During one of his clandestine visits to our house-in-lockdown this summer, my 3-year-old grandson Silas came running through the kitchen to get me.

“A pie-yah, a pie-yah, Mampy, a pie-yah!” He grabbed my hand, tugged me out of my chair and led me out to the deck. He pointed into his blue plastic mini-pool. “A pie-yah!”

A grass spider captured in a vial. Photo by Dana Wilde

Sure enough, swimming around in the 2-inch-deep water where it didn’t belong was a light-brown spider with a long abdomen. Silas reached down and swept the spider toward the side of the pool, where it got a grip with its thin legs and started climbing. It was a life and death moment for the spider, because Silas reached down to grab it. Remarkably, he did not kill it, but instead got the spider onto his finger where it continued to scurry forth, maybe in panic.

Silas reached his hand up to show me. I put my hand beside his and got the spider to transit onto my fingers. A new life. The spider scurried onto my thumb, then stopped to take stock. We looked at it for a minute or so, and then Silas tried to pat it, like you would pat the cat. The spider ended up back in the water, and Silas, having put the world right, went on to the next 3-year-old adventure by the wild roses.

I fished the spider out of the water, brought it knuckle-clambering into the house and herded it into a vial for temporary safekeeping. On its abdomen was a chevron-like pattern of light brown and tan. Maybe it was a female, since its palps, the little handlike appendages in front of its face, were slim and small. In an adult male, the palps are swollen-looking at the end, ready to transfer sperm in mating. The spider’s coloring, shape, eye arrangement and two long, pointy spinnerets at the tip of its backside indicated it was a grass spider, or funnel weaver. These spiders weave the round, flat webs you see covered in dew on your lawn in the morning. They sit in the funnel and wait for unwitting bugs to wander onto the sticky mesh.

Silas’s arachnid friend spun a little bit of silk in the vial, but not enough to make anything in particular. I wondered if this was because it was seized with fear and not in its right mind. Maybe not. But what could it possibly mean to ask if a spider’s in its “right mind?”

Spiders on psychedelic drugs spin strange webs (more on this next time). This implies they have some kind of mental process that exceeds instinct, for lack of a better word to reflect the idea that animals are preprogrammed automatons. Some of them, at least, have little minds of their own.

Arachnologists curious to find out what spiders know and how they know it have shown that some species of wolf spiders, for example, develop individual personality traits involving bravery, timidity and learned social tasks. It’s also well-known that females of most species choose and reject males in courtship rituals (what are they thinking when they apparently “like” some guys and “dislike” others?) and that among a few species, mates live together in the web and communicate with each other by vibrations of thread. Grass spider couples don’t live together, that I know of; the males of most agelenid species die soon after mating.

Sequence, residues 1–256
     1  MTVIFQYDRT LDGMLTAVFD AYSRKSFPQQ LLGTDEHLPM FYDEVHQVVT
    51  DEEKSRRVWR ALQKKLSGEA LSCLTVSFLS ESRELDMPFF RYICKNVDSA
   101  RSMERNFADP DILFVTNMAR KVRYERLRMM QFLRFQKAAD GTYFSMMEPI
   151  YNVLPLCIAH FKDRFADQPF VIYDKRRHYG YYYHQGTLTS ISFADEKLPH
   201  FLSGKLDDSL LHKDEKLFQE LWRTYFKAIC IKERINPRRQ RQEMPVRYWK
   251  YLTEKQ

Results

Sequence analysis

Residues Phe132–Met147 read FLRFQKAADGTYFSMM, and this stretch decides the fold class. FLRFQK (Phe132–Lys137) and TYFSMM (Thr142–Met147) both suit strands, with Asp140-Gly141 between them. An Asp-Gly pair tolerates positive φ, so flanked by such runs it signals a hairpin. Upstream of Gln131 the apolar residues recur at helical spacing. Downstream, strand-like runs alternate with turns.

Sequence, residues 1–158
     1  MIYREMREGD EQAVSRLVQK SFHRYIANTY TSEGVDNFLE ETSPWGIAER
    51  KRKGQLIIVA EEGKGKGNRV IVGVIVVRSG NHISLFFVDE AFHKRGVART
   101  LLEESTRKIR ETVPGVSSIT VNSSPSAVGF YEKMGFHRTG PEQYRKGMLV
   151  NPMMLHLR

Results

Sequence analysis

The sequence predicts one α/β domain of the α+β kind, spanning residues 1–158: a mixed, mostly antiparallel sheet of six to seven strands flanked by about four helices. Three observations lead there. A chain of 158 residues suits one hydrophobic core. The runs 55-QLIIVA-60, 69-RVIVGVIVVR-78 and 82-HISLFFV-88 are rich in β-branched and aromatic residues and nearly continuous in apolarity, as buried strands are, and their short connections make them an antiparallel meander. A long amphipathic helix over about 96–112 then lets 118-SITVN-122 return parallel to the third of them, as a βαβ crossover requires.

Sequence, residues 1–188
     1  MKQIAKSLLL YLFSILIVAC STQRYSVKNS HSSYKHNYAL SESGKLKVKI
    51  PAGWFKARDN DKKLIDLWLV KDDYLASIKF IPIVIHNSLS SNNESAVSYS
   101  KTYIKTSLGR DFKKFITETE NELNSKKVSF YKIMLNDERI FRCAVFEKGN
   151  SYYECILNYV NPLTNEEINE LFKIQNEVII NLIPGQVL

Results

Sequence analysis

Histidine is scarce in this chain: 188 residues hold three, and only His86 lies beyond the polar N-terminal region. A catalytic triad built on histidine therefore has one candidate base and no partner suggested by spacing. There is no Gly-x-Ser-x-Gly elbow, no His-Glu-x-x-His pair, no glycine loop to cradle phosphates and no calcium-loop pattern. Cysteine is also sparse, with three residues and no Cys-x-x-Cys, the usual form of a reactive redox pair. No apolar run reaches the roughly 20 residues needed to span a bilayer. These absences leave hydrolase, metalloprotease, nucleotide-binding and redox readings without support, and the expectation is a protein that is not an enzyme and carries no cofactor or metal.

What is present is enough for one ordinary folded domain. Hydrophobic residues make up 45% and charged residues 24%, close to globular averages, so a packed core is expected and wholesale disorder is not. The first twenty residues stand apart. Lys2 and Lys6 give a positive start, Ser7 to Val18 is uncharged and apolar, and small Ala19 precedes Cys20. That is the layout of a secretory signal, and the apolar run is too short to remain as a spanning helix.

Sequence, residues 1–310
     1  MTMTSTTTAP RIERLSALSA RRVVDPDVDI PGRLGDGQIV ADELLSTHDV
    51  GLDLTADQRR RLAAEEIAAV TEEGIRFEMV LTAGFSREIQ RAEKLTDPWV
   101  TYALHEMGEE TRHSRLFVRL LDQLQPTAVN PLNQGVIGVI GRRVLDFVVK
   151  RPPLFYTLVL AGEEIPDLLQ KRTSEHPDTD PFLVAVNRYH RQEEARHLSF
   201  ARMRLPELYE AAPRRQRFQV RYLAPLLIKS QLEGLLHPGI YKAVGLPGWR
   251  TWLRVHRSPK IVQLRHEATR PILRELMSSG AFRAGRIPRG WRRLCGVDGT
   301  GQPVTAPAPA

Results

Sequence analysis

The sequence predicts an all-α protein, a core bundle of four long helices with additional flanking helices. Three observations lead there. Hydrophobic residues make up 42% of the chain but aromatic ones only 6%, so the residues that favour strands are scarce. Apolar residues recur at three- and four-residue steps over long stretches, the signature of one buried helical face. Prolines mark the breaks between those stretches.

I kept this little spider long enough to take some photos. When Silas came back in, we tried to let it go. But it stayed in the vial, and wouldn’t be chased out even when Silas stuck his finger in there. I left the vial uncorked on a window sill overnight, and in the morning the spider was still there. Still no web, but alive and huddled in the back. Was it still frightened? If it ever was at all.

Sometimes I get chills when my mind homes in on the fact that spiders are sentient. To me there is no question about it. My own “theory of mind,” as the philosophers call it, wonders what a spider’s awareness is actually like. Most scientists, wrote arachnologists Robert Jackson and Fiona Cross, “would probably agree that talking about spiders being conscious would be going too far. … Nobody in their right mind would assume a spider experiences an inner world like a person’s, but is there any way to discuss experiences and inner worlds at all without being naively anthropomorphic?”

Anyway, I left the vial open so the spider could escape and go back to snaring bugs. The next morning it was still there, alive but still. I felt myself growing inexplicably fond of it, as if it was a cat or dog. I hoped it would stick around. It was kind of a weird feeling. But not unheard-of. “All my relatives,” Eunice Baumann-Nelson taught me to say of the experience of epiphanic kinship with nature that comes over some of us from time to time and permanently gripped Eunice and her Penobscot forebears.

A couple of mornings later I checked the vial and saw that the spider had moved on — but left its outer shell. It had molted and moved, presumably, into its adult life.

Silas will do something like this. Only the molt will take place inside his mind, his emotions, sense of reason and moral disposition. It’s part of the program. What a world.


Dana Wilde lives in Troy. You can contact him at [email protected]. His book “A Backyard Book of Spiders in Maine” is available this summer from North Country Press. Backyard Naturalist appears the second and fourth Thursdays each month.

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